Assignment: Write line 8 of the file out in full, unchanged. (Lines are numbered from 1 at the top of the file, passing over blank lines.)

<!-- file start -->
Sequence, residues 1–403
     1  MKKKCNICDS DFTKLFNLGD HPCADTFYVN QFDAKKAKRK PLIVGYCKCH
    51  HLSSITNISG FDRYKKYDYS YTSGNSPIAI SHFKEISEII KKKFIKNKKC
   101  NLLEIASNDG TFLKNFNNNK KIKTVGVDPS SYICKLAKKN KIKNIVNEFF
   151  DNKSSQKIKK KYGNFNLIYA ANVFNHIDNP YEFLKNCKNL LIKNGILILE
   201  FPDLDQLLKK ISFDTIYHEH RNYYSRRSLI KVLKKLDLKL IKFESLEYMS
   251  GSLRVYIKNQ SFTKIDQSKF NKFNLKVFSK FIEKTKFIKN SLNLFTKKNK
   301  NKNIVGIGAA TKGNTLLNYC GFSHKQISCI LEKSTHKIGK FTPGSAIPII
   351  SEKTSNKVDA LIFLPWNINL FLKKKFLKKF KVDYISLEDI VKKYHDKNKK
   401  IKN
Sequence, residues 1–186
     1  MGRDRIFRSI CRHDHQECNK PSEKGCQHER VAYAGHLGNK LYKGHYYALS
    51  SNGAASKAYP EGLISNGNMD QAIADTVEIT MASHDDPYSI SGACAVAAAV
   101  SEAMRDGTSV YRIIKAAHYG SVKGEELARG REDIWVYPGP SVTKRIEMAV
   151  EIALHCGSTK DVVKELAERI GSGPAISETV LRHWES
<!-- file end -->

   301  NKNIVGIGAA TKGNTLLNYC GFSHKQISCI LEKSTHKIGK FTPGSAIPII